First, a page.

Experiential marketing, also known as live marketing or event marketing, is a strategy where consumers are engaged via branded experiences. Experiential marketing is a way for businesses to build brand awareness through face-to-face connections with consumers. Experiential marketing campaigns are immersive, live, and memorable and help businesses attract the attention of their target audience without distraction.
Understanding experiential marketing
Note that these campaigns do more than just promote a product or service. Instead, they are designed to encourage customers to actively engage with the core values of a brand.
Almost 75% of consumers say that branded event marketing experiences make them more likely to buy the product being promoted.
Compared to traditional marketing strategies, branded events create a much stronger impression in consumers’ minds.
Experiential marketing events may take the form of trade shows, sponsorships, test drives, kiosks, contests, in-store experiences, and in-person surveys.
Some of these events may cater to thousands of people, but each will come away with an experience that is unique to them.
In an age characterized by consumers craving personalized experiences and meaningful interactions before purchasing from a brand, experiential marketing is now seen as a fundamental pillar of any marketing strategy.
The three key pillars of experiential marketing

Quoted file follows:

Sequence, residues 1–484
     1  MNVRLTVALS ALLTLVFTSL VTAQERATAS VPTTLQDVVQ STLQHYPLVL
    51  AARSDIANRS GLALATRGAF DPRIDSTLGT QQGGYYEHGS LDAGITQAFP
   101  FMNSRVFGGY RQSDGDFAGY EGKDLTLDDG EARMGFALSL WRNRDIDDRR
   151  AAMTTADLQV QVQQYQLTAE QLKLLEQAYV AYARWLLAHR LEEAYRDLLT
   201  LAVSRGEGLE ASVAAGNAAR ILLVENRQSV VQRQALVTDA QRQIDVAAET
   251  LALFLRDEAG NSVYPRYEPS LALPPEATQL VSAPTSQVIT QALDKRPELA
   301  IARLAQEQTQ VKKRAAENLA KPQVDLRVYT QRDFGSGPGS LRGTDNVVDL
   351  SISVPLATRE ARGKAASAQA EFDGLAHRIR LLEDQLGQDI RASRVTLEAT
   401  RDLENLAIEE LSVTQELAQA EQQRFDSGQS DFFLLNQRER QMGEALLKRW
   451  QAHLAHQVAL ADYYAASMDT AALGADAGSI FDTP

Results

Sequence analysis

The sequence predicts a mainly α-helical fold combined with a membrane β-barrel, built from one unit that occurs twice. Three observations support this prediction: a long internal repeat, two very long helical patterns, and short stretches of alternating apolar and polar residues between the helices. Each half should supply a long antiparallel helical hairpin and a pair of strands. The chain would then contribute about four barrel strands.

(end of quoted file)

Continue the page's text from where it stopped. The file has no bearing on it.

To understand experiential marketing, we must first understand the elements that constitute a great branded experience.
Such an experience should always contain the following three pillars.
1 – Active participation and engagement
First and foremost, the consumer must be able to actively engage with a brand. Active engagement may constitute anything from taking a photo and sharing it on social media to participating in a game.
Chocolate brand Milka produced 10 million bars of chocolate with a single piece missing.
The company then set up a website offering confused customers a choice: they could opt to have the missing piece of chocolate posted to them or have it sent to a friend or family member instead.
This campaign gave fans the chance to interact with the company in a meaningful way.
2 – Brand message and values promotion
Experiential marketing should always be about the brand itself. The businesses must allow consumers to experience the brand – simply telling them that the brand is the best is not enough.
Budget airline Scoot set up makeshift change rooms in the middle of Melbourne, a large Australian city with a population of approximately 5 million.
Pedestrians were encouraged to dress in a Grecian toga for their chance to win airline tickets to Athens.
The campaign caused much energy and enthusiasm and allowed Scoot to reinforce its fun, contemporary brand.
3 – Long-lasting value
Experiential marketing should provide long-term value to an audience. Value is facilitated through a memorable brand experience that sticks in the mind of consumers long after the event has taken place.